Irmantas Gelūnas

Lithuania via the Walls: How Street Art Shapes and Reflects a City

Lithuania’s street art scene is progressing rapidly — the capital city of Vilnius has restarted its annual Art Needs No Roof project, while Russia’s invasion of Ukraine reignited the country’s passion for larger-than-life murals that send a message. Travelers visiting Lithuania can explore Lithuania’s heritage and modern values painted onto its buildings.

The concept of street art — displaying artwork in open spaces —  is spreading rapidly throughout Lithuania. The genre has spawned many projects in public spaces, providing a platform for artists to express the feelings of society through art and giving cities a sense of modernity.

Such projects are receiving attention throughout the whole country: the Yard Gallery in Kaunas, the second-largest city, has become an iconic reflection of its local communities; while the city of Marijampolė in the south boasts an impressive collection of 32 murals, some of which were created by artists from New York, London, and Hong Kong. In addition, the capital city of Vilnius has recently started its annual Art Needs No Roof project, allowing artwork to be shown off in the streets.

“Street art is very public — unlike in galleries, the pieces will be witnessed by all — and has the potential to both complement spaces visually and send a message,” said Linas Kaziulionis, a classically-trained contemporary Lithuanian muralist, draftsman, and painter, whose work has been exhibited nationally. “It is a growing phenomenon in Lithuania. As I work, more and more people ask questions and are genuinely interested in the genre.”

A diverse range of styles and forms

The diversity of the types of street art found in Lithuania makes the term difficult to define. For example, the one-of-a-kind Open Gallery is part of a long-term, multidisciplinary project that seeks to portray urban culture in a fresh way and reinvigorate the post-industrial New Town of Vilnius, the capital of Lithuania. Paintings on industrial walls, installations, sculptures, performances, and non-profit film screenings are just a few of the innovative alternatives the program aims to offer to conventional art genres.

Some of the more quaint, historic expressions of urban art can be found in the courtyards of Vilnius’ Užupis district — which once declared independence as part of an April Fools stunt. A living sentiment to its artistic inhabitants and visitors, every nook is filled with curiosities — expressionist busts lie hidden in courtyards and a mermaid sculpture observes those relaxing on the swing above the Vilnelė river. 

Klaipėda features a more sculptural and surrealist take on street art, with the Gardeoldis boat bursting its golden sails out of a rooftop or pipes melding with images of mushrooms. However, Lithuanian street art can lie right under the nose of visitors, much like the 3D Abyss in the capitals neighbourhood of Viršuliškės.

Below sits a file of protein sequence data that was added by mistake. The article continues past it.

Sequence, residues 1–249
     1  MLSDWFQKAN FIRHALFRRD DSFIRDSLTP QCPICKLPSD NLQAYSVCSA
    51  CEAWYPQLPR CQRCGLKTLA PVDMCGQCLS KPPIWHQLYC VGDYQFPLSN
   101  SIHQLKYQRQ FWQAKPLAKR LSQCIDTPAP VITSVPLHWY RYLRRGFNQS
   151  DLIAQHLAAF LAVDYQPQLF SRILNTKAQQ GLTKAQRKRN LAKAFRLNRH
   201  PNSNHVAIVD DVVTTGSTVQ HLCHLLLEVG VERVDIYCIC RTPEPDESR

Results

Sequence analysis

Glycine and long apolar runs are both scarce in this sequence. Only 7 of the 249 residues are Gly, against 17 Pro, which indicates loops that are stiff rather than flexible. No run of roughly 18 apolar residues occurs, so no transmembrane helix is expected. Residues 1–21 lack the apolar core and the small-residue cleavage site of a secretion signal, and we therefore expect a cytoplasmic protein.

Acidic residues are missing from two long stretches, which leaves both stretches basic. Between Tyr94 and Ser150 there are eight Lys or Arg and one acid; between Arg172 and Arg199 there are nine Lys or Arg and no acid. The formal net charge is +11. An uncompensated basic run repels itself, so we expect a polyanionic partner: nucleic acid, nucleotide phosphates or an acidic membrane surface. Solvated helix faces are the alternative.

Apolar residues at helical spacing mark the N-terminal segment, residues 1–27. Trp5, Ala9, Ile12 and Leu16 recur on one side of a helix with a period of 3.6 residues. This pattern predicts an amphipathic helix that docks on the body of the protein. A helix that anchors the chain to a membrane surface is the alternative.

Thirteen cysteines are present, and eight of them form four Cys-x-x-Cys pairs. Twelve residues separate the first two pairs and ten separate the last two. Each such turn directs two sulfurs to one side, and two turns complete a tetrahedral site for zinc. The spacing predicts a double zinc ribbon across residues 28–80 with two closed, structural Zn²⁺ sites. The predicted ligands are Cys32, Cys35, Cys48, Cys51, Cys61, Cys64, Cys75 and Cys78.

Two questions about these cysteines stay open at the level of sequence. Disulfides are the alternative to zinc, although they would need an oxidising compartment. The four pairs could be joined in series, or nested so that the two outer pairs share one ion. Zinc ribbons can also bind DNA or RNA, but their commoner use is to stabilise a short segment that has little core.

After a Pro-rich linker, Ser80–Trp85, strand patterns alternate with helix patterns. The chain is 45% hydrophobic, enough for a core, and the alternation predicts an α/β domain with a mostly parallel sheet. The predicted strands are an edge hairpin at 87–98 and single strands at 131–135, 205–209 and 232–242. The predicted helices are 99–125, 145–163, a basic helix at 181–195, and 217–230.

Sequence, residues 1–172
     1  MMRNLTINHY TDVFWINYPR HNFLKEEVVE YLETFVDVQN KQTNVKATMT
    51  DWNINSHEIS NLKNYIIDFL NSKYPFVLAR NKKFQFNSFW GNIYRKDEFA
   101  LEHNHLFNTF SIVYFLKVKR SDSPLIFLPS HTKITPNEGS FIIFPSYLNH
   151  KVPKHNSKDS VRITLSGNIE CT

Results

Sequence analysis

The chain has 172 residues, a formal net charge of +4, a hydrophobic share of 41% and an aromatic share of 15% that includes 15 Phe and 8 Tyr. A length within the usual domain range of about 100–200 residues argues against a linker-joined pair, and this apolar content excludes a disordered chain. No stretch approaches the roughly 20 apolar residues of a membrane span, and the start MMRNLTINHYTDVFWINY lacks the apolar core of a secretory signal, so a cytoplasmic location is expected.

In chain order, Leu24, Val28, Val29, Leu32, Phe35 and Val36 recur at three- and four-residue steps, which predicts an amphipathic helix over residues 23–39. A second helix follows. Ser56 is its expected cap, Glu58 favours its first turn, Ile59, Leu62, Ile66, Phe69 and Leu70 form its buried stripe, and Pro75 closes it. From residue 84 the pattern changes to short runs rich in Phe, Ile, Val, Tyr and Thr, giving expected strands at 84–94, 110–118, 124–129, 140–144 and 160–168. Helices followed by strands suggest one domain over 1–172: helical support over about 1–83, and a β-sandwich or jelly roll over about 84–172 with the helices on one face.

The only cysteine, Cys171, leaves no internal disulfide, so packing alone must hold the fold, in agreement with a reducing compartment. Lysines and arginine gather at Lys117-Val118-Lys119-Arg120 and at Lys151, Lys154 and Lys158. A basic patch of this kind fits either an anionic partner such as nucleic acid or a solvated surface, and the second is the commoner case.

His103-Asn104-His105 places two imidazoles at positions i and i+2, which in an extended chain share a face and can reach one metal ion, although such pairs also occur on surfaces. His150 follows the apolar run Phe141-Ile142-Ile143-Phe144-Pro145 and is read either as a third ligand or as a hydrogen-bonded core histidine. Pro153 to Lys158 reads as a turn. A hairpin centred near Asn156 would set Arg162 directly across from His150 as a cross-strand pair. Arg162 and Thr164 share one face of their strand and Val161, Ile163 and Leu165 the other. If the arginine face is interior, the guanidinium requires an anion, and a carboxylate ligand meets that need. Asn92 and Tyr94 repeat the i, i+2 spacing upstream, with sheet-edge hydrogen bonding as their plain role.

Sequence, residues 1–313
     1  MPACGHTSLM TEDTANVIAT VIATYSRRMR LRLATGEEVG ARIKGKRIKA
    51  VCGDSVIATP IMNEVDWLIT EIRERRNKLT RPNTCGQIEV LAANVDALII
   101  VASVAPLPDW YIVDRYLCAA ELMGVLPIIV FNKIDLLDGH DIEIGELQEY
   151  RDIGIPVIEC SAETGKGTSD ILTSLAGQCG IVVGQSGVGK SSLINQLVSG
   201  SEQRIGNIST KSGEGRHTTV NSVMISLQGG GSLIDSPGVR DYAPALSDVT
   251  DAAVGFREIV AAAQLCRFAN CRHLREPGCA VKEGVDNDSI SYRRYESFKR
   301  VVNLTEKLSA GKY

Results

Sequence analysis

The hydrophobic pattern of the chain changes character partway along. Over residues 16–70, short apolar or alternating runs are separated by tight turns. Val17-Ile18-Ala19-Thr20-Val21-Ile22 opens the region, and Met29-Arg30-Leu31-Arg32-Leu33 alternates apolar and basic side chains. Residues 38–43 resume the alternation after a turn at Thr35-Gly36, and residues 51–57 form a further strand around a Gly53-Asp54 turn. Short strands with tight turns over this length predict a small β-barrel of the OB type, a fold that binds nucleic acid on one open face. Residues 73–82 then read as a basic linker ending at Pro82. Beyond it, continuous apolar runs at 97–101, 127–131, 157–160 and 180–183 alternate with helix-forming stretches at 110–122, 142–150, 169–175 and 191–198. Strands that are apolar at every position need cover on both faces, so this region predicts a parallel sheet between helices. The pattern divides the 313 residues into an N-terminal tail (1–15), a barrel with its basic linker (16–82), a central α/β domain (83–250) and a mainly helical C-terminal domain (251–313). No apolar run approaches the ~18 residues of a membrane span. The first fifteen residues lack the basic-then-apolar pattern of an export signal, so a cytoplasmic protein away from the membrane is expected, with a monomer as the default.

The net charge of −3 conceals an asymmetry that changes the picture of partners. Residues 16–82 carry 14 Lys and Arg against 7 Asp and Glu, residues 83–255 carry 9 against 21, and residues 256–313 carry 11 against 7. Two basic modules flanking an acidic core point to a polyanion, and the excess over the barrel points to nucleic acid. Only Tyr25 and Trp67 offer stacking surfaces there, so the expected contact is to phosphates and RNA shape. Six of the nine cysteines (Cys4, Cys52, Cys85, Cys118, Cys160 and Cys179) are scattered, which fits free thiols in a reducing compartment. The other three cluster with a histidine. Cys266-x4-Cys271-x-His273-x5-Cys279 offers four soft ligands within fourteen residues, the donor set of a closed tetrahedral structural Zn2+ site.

An ode to hope and compassion, the colorful illusion of the ruptured ground was created by one of the world’s top 3D illusionist street painters, Edgar Mueller, as a reaction to the harsh emotions that erupted after Russia’s invasion of Ukraine. The artist's illusions include lava craters, thinning glaciers, rivers, waterfalls, and enchanted caverns and includes passers-by in the art piece as they gaze into the depths.

Reflections of today and political statements

With street art being so highly visible, it can quickly become an area of public discourse, where artists reflect on contemporary issues and attempt to capture the mood of the public. As such, many historical and political dilemmas become sketched onto Lithuania’s walls.

In response to Russia’s invasion of Ukraine, Kaziulionis painted the mural "Stand with Ukraine," which depicts a Ukrainian soldier and his wife embracing at a train station, on the wall of the General Jonas Žemaitis Lithuanian Military Academy.

“I have already done two murals on the subject. I wanted the message of support to be conveyed quite directly by reflecting the sensitivity of the situation through my own eyes and, hopefully, have that message be seen and understood by people,” Kaziulionis explained.

A work of modern art called Walls that Remember by Lina Šlipavičiūtė-Černiauskienė honors the Jewish population of Vilnius's historical memory by recreating old photographs. In the seventeenth century, Vilnius' Jewish neighborhood was known as the Glass Quarter; today, images of craftsmen, businessmen, and others gaze out from the walls onto the modern world.

Makes cities alive

Socially engaged street art is relatively new to Lithuania, having just begun to emerge in the middle of the 1980s, yet it has transformed the country’s metropolises with its eclecticism. Nowadays, it is not necessary to visit a museum or gallery to witness pieces of art — the average person passes by iconic images while about their daily business.

Generally, the integration of art into society at large is a key feature of the movement. The choice of a place for this is important because artists seek to communicate with the citizens through drawings in public spaces, and therefore street art should be seen as a reaction to the contemporary world.

“Street art, when created in accordance to its surroundings, can highlight the best features of public spaces, creating new value to a simple wall. Made in a way that blends a mural or installation seamlessly into the space, it makes cities feel more alive,” noted Kaziulionis.

Lithuanian street art today goes far beyond simple paintings on walls. The movement can spark the appearance of artwork revealing conversations on the values and views of the country's people. By witnessing these stories, travelers visiting Lithuania could learn the values that the nation lives by.